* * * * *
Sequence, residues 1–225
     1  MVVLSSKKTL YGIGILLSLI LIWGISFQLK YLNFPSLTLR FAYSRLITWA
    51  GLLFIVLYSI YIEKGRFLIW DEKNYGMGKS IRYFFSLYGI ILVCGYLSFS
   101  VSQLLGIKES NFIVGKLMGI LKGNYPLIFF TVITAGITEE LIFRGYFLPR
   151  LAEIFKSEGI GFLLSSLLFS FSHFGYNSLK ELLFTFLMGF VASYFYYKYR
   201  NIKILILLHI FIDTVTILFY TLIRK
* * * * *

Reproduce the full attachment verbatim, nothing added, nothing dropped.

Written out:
Sequence, residues 1–225
     1  MVVLSSKKTL YGIGILLSLI LIWGISFQLK YLNFPSLTLR FAYSRLITWA
    51  GLLFIVLYSI YIEKGRFLIW DEKNYGMGKS IRYFFSLYGI ILVCGYLSFS
   101  VSQLLGIKES NFIVGKLMGI LKGNYPLIFF TVITAGITEE LIFRGYFLPR
   151  LAEIFKSEGI GFLLSSLLFS FSHFGYNSLK ELLFTFLMGF VASYFYYKYR
   201  NIKILILLHI FIDTVTILFY TLIRK